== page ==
the world academy of sciences for the advancement of science in developing countries


15 September 2008

TWAS Announces 2008 Prize Winners

TWAS, the Academy of Sciences for the Developing World, has announced the winners of the TWAS Prizes for 2008. Each winner will receive a US$15,000 cheque and be asked to lecture about his or her research at TWAS's 20th General Meeting to take place in South Africa in October 2009.

SHAW Jei-Fu, president of National Chung Hsing University, Taiwan, China, has won the 2008 TWAS Prize in the agricultural sciences for his outstanding contributions to the use of enzyme biotechnology in extending the shelf lives of food commodities and for developing applications of enzyme biotechnology to improve high-value agricultural products.

Susana LOPEZ and Carlos ARIAS of the Biotechnology Institute of Universidad Nacional Autonoma de Mexico in Cuernavaca, Mexico, have been named winners of the 2008 TWAS Prize in biology for their fundamental contributions to the understanding of pathogen-host cell interactions, particularly, of the early events of rotavirus cell infection.

ZHAO Dongyuan, professor, Department of Chemistry, Fudan University, Shanghai, China, has won the 2008 TWAS Prize in chemistry for his outstanding contributions in the research field of mesoporous materials.

SUN Jimin, professor, Institute of Geology and Geophysics, Chinese Academy of Sciences, Beijing, China, has won the 2008 TWAS Prize for earth sciences for his fundamental contributions to the studies of desert evolution and aeolian deposits.

Ashutosh SHARMA of the Indian Institute of Technology in Kanpur, India, has won the 2008 TWAS Prize in the engineering sciences for his fundamental contributions to meso-mechanics, instabilities and self-organization in soft thin films; meso-patterning; wetting; adhesion and interfacial interactions.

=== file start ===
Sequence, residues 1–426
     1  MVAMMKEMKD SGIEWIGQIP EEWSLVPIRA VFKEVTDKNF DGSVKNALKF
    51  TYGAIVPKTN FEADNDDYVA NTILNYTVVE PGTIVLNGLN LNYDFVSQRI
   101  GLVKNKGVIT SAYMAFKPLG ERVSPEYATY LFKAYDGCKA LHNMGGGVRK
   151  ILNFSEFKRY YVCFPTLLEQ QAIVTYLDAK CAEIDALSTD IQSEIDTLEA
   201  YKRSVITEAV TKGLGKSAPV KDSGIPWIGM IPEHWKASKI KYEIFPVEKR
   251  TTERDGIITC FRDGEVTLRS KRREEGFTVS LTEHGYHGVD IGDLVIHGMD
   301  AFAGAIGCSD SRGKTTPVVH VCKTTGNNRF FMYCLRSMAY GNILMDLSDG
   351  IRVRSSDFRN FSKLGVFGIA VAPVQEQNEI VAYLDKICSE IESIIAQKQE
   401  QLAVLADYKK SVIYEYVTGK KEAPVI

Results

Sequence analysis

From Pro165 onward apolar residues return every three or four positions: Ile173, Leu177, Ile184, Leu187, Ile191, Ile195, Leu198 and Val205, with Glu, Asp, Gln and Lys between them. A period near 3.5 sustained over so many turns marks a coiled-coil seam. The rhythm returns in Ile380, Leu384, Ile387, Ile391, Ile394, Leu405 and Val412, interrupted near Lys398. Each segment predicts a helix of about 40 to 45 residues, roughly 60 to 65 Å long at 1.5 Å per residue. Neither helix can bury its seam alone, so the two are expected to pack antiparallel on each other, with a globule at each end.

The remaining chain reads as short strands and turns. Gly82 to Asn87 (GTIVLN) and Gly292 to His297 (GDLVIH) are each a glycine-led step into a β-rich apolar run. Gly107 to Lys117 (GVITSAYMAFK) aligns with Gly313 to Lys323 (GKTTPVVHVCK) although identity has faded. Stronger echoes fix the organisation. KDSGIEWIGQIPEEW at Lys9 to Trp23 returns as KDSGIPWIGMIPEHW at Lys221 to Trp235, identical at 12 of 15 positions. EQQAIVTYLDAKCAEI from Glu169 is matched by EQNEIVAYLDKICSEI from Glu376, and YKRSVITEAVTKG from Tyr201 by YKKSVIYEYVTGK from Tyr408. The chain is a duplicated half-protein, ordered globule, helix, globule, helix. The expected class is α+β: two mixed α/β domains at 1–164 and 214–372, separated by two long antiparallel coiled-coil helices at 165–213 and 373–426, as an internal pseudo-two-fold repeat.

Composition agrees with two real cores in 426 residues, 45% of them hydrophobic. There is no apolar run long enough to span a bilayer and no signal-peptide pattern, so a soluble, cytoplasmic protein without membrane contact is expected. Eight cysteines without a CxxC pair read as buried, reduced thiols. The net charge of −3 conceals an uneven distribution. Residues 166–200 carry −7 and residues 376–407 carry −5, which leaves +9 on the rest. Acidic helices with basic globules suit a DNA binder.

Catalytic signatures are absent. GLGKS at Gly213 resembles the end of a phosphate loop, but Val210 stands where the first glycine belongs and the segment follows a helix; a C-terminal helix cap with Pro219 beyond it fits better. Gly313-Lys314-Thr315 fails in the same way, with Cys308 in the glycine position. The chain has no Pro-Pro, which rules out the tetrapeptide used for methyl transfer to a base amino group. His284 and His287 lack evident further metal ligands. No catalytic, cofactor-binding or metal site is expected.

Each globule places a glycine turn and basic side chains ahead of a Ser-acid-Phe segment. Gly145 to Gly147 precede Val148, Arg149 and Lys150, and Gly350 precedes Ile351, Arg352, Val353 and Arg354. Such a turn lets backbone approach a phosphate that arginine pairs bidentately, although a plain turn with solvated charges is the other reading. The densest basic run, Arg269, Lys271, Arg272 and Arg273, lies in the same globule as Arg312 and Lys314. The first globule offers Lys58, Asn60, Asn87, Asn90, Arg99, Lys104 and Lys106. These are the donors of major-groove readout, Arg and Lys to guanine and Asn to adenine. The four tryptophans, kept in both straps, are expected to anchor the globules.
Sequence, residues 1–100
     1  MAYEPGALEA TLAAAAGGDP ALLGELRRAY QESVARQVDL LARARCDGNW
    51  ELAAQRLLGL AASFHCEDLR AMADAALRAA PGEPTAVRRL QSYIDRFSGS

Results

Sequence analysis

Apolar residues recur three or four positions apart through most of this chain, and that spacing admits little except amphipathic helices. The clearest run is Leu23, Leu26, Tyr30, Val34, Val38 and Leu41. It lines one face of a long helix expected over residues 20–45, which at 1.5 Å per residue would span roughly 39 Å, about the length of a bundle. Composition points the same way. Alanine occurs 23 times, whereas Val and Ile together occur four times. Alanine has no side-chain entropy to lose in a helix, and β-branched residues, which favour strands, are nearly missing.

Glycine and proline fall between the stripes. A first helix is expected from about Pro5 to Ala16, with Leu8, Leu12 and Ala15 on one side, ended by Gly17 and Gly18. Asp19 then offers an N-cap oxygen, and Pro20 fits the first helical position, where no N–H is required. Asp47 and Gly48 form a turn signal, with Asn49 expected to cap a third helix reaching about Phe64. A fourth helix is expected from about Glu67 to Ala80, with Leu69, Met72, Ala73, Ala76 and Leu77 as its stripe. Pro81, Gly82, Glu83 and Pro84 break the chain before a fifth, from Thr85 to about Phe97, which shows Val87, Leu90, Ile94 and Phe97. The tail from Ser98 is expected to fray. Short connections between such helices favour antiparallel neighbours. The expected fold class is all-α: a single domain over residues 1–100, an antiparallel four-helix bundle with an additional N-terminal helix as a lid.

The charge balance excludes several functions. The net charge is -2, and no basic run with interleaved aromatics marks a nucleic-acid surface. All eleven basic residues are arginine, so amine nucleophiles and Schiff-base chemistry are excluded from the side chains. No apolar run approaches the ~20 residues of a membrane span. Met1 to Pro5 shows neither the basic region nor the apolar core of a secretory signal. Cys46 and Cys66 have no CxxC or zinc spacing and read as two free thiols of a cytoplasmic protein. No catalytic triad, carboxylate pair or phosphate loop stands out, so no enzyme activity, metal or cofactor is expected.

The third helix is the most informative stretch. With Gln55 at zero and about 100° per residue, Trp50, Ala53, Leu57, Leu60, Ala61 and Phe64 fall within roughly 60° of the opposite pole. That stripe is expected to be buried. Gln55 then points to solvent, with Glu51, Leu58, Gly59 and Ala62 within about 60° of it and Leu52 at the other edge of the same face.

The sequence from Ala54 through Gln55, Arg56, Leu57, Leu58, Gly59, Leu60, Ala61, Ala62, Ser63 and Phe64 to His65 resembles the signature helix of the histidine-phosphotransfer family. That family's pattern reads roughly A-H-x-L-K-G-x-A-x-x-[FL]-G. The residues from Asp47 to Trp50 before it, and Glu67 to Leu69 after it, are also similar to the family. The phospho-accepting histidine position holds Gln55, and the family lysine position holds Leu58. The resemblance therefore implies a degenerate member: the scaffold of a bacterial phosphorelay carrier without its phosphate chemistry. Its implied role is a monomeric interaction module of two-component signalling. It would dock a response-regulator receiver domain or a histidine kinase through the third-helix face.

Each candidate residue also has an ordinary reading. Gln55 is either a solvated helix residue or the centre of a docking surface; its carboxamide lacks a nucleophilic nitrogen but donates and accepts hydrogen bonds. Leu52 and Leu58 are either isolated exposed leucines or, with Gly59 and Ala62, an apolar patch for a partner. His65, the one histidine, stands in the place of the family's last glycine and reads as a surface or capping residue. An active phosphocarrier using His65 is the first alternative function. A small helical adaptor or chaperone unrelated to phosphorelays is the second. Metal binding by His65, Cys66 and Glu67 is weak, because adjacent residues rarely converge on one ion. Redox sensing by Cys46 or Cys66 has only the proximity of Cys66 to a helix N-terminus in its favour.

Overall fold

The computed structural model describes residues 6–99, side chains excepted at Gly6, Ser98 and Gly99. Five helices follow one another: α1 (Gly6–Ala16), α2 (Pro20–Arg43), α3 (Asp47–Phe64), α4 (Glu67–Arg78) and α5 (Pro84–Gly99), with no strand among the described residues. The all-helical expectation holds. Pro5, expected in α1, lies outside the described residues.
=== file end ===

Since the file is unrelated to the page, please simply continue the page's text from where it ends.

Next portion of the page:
Vasudevan SRINIVAS of the Tata Institute of Fundamental Research in Mumbai, India, has been named the winner of the 2008 TWAS Prize in mathematics for his basic contributions to algebraic geometry that have helped deepen our understanding of cycles, motives and K-theory.

Salim S. ABDOOL KARIM of the Doris Duke Medical Research Institute, Nelson R Mandela School of Medicine, University of KwaZulu-Natal in South Africa has won he 2008 TWAS Prize in the medical sciences for his exceptional and distinguished contributions in medicine and public health, specifically for HIV prevention.

Ali Hani CHAMSEDDINE and Predhiman Krishan KAW share the 2008 TWAS Prize in Physics. Chamseddine, Physics Department of the American University of Beirut in Lebanon, is being honoured for his fundamental contributions to supergravity and noncommutative geometry. Kaw, Institute for Plasma Research in Bhat, Gandhinagar, India, is recognized for pioneering and seminal contributions to physics of laser plasma interactions, tokamak transport, current drive and magnetic reconnection, and dusty, quark-gluon and ionospheric plasmas.

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